On a hot day this spring, Topher White hiked into the Rio Canandé Reserve in Ecuador, used a slingshot-like device to fling a rope high up into a tree, and started climbing more than 100 feet up into the canopy. When he neared the top, he installed a small box holding an old cellphone and a set of custom solar panels. The goal: to use the phone’s microphone to listen for the sounds of illegal logging.
It’s one of the most recent installations for Rainforest Connection, the nonprofit tech startup that White founded in 2013 and that recently got financial support through the Rolex Awards for Enterprise. “The underlying thesis of this is that there are people on the ground who would stop illegal logging if they had the support to do it, if they knew where it was, and if they could do it in a safer way,” he says.
While other monitoring also happens—software can analyze satellite images to detect deforestation, for example—it usually comes too late, after trees have already been cut down and hauled away. Illegal logging now happens at a vast scale; tropical deforestation now emits more CO2 emissions than the entire European Union.
White was inspired to start the nonprofit after a 2011 trip to a rain forest preserve in Borneo. Rangers on staff protected the area, but at one point on the trip, White stumbled on someone sawing down a tree only a few hundred meters from a ranger station. The natural sounds of the animals in the forest drowned out the chainsaw. He realized that technology could help create a more robust monitoring system. After rigging up a prototype back in the United States, he returned to Indonesia and installed the first system, which used software to detect the sound of a chainsaw and then send an alert to a ranger’s phone. The very next day, it detected illegal logging.
The process works by continually streaming audio from the forest to the cloud; a special array of solar panels is designed to work even in the shade of the trees and keep the phone powered. In some areas with poor mobile service, antennas also help make the system function. Over time, the team has tweaked its software to improve the way that the phones power up and send data. The system also now detects new types of sounds.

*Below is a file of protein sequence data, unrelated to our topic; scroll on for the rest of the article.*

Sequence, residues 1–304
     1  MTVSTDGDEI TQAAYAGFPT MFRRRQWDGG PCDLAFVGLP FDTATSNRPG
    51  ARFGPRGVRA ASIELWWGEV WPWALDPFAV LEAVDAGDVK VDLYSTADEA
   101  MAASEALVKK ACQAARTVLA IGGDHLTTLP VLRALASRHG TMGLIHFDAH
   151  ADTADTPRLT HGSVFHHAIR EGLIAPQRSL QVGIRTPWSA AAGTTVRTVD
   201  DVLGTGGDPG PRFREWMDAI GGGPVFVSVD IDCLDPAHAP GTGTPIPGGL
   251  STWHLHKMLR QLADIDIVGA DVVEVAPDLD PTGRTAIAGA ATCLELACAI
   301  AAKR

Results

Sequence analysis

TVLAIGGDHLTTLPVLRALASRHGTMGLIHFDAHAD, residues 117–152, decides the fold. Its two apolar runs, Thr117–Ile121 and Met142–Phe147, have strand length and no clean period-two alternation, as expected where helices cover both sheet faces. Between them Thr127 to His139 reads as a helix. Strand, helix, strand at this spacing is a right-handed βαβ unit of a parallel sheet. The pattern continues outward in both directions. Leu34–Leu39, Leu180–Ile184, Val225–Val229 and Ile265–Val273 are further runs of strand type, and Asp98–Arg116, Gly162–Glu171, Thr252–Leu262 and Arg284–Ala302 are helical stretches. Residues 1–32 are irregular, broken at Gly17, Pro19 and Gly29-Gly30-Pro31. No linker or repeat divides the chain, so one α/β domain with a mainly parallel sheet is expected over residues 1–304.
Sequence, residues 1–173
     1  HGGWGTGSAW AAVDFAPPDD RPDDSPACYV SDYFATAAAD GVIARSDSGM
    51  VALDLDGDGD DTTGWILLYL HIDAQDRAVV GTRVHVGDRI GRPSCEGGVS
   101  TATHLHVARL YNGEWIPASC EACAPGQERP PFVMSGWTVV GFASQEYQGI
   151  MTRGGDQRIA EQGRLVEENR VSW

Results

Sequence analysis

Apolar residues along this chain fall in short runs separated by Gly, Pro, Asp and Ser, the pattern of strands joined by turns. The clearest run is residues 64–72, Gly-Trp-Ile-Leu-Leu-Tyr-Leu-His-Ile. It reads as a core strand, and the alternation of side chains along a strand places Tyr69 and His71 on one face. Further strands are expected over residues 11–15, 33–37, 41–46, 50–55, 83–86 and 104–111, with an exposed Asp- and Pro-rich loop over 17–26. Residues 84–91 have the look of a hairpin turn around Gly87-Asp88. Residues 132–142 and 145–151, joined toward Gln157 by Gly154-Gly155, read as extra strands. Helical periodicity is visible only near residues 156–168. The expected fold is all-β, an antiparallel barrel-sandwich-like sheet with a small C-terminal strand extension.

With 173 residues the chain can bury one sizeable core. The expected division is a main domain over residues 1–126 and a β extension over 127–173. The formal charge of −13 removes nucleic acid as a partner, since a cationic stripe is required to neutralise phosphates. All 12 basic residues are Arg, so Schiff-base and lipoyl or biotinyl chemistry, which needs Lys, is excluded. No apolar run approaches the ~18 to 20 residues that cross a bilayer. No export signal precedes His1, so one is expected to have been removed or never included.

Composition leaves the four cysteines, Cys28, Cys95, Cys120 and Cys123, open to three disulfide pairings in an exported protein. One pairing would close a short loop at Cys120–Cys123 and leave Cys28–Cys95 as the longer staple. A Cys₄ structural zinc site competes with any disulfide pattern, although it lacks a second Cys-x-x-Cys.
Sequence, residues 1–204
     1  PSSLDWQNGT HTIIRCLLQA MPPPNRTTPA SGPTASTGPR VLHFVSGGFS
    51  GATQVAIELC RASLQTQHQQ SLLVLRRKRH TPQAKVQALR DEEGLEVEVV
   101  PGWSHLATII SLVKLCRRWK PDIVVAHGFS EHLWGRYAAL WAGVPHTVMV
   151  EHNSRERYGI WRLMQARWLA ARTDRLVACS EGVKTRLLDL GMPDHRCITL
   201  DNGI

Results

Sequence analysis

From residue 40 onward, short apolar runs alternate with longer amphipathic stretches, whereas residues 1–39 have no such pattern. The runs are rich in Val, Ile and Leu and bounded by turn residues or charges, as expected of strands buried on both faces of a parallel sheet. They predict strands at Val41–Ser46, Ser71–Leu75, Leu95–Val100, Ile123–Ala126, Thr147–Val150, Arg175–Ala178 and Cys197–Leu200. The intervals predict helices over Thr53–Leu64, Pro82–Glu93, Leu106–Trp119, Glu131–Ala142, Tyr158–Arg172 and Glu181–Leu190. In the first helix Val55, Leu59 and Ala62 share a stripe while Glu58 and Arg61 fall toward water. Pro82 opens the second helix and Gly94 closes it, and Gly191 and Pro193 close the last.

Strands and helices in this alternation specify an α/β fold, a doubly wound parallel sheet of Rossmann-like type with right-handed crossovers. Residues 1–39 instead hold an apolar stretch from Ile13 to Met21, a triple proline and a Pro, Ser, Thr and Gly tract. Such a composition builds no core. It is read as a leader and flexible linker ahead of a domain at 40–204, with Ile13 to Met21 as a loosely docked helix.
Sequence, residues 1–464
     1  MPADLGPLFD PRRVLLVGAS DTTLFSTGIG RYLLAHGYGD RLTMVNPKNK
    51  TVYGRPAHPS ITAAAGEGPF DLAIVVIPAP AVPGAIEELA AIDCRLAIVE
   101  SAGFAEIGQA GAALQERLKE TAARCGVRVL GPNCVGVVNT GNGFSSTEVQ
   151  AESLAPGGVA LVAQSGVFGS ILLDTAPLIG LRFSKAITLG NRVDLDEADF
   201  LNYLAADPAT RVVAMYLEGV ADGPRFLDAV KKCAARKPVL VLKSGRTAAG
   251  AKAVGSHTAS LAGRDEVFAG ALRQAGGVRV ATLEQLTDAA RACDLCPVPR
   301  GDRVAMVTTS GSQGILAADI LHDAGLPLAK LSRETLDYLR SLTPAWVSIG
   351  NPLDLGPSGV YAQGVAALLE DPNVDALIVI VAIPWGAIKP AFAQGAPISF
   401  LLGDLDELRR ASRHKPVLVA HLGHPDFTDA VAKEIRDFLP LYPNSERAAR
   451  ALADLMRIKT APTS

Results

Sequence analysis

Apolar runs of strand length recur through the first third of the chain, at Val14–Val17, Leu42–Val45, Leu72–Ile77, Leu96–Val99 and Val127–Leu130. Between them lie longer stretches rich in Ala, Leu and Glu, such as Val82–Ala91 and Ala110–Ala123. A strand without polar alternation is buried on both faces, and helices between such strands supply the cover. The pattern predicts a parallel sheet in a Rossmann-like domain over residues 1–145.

“Over the past few years, we started implementing artificial intelligence, which is kind of the status quo in trying to pick out audio data, and not only detecting chainsaws, but trucks, gunshots, different types of vehicles, boats, things like that, that indicate explicit human activity,” White says. They also realized the broader potential for the data to be used not just to detect threats but to study the ecosystem. Scientists can study specific species. Anyone who’s interested can download an app and listen to the sound of one of the forests in real time, something that the nonprofit hopes can lead to more interest in conservation.
As the project expanded beyond the first installation to places like northern Brazil, where the indigenous Tembé people struggle to protect their forests from illegal logging, poaching, and drug smuggling operations, the nonprofit realized that each location faced different challenges. Like with most technology, success didn’t depend on the tech alone but how people used it. People on the ground might not always want to respond to an alert because of the threat of kidnapping or violence from loggers, or because a volunteer can’t afford to leave their job when they get the alert, or because it wasn’t clear what would happen when they detained the illegal loggers.
A group of lawyers in southern Peru pioneered one solution that worked. “The lawyers themselves would get the call and would dispatch the local defenders, as they call them, out to catch the loggers,” he says. “At the exact same time as doing that, they would file a case.” That triggered a local law that meant that police had to respond—and gave the “defenders” the confidence that they would only have to detain loggers for a few hours. (The app also records photographic and audio evidence onto the blockchain so it can be used in later court cases if needed.)
Rainforest Connection looks for this type of successful example to share with partners in other locations. People working on the ground can also use the app to show funders how much logging is happening and make the case that they need more support to be able to stop it. In Indonesia, one group is deliberately waiting to respond as they gather evidence and build up partnerships.
As we spoke, White had just gotten a message from the Tembé, who reported that they’d gotten an alert and apprehended illegal loggers a few hours earlier. The system was working. It continues to expand; the nonprofit now has installed its technology, called forest “guardians,” on 150 trees in 10 countries.
Each installation involves working with local partners to find the best place to put the technology, getting to that location—sometimes an eight-mile hike—and climbing as high as 150 feet into the air to screw the equipment to a tree. At the moment, Rainforest Connection does the installations, and then follows up with in-depth trainings for rangers.
The next step, White says, is to see if the system can work without the nonprofit’s direct involvement. “Is this a solution that can scale and make a huge difference, from a conservation standpoint, without us, standing alongside the partners, because it’s technology that can run on its own? That’s what we have to prove over the next year or two.”